Today the docile and endangered Pangolin has sadly earned the title of Most trafficked mammal in the world thanks largely to the ever rising demand for the animals meat and scales which are used in traditional Chinese medicines which are thought to cure ailments and disease.

Although Pangolins have been listed as a protected species in China since November 2018, the demand for their scales and meat has grown significantly on the Chinese, Hong Kong and Vietnamese black markets.

It is estimated that over 2.7 Million Pangolins are killed and trafficked from Africa every year. There are currently eight species of Pangolins with four found in Africa and the remaining four found in Asia.

To date the largest ever seizure of illegally trafficked pangolin scales was in Singapore when a shipment containing 12.7 tonnes of scales was seized. The shipment was travelling from Nigeria to Vietnam and it is estimates they belonged to 36,000 pangolins which were Killed and scaled.

The punishment for trafficking pangolins or their body parts in Hong Kong is 10 years in jail and HK$10 Million (AUD $1,930,000).
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Poacher Who Killed Over 20 Elephants In Odisha Arrested
Sarmeeli Mallick

Cuttack: Officials of Cuttack Forest Division on Sunday arrested a notorious elephant poacher, Babuli Mahalik (45) for his alleged involvement in hunting of over 20 elephants in Athagarh Forest Division of the district.

Acting on a tip-off, a special squad of forest officials led by Athagarh Divisional Forest Officer (DFO) Sasmita Lenka, raided the house of Mahalik at Durgaprasad village under in Narsinghpur area of the district and arrested him.

Upon interrogation, Mahalik confessed that he along with his two associates poached two tuskers in Athagarh division under Maniabandha section of the district on 20 February in 2018 and sold the tusks in Nayagarh area.

Mahalik informed that he charges around Rs 30,000 for shooting down an elephant and revealed that he has killed over 20 elephants so far. The forest officials also seized deer skins, antlers and a country-made gun from his possession.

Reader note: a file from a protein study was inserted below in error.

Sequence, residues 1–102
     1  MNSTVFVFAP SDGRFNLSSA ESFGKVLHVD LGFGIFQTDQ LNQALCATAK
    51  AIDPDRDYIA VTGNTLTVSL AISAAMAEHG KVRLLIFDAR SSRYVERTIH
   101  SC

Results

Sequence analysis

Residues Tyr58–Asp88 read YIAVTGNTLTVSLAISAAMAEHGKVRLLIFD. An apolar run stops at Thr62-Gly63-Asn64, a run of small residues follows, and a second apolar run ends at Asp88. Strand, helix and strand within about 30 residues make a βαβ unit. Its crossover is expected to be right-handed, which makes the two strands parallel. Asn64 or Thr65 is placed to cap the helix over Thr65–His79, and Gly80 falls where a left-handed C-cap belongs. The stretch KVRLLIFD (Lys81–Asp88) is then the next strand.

“Babuli is a habitual poacher of Narsinghpur area. He has shot down more than 20 tuskers till date and smuggled tusks to several places. During interrogation, he confessed to have killed two elephants and smuggled their tusks in February in 2018. The case was handed over to Crime Branch after the forest department failed to make any arrests in connection with the case,” informed the DFO.

“After being tipped off regarding his plans to hunt another elephant, we picked him up from his house,” added Lenka.

Based on the inputs of Mahalik about selling the tusks of elephants in Nayagarh area, Lenka said that Nayagarh DFO has been intimated about the matter and investigation will be initiated in this regard soon.

On Saturday, two persons were arrested by the forest department officials for their alleged involvement in elephant poaching case in Sonepur in 2019. The accused have been identified as Suresh Karna and Kalia Karna of Meghanand village of the district. Two tusks weighing nearly 3 kg each were also recovered from their possession.

This post was last modified on February 9, 2020 6:29 PM

Bloomberg’s policies 🙄

“BREAKING, Nancy Pelosi F.ELONY Notice – Dems S.crambling For Answers”

“Graham says Trump can run on a record that Democrats can’t refute”

Coronavirus ‘could infect 60% of global population if unchecked’ | World news | The Guardian

The coronavirus epidemic that spread to about two-thirds of the world’s population if it cannot be controlled, according to Hong Kong’s leading public health epidemiologist.

His warning came after the head of the World Health Organization (WHO) said recent cases of coronavirus patients who had never visited China could be the “tip of the iceberg”.

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Petition · Council : Shut Crayford Greyhound Stadium down ·

Greyhound racing is animal abuse the dogs are drugged and die racing kept in disgusting conditions. Born to be abused it’s barbaric and not wanted in 2020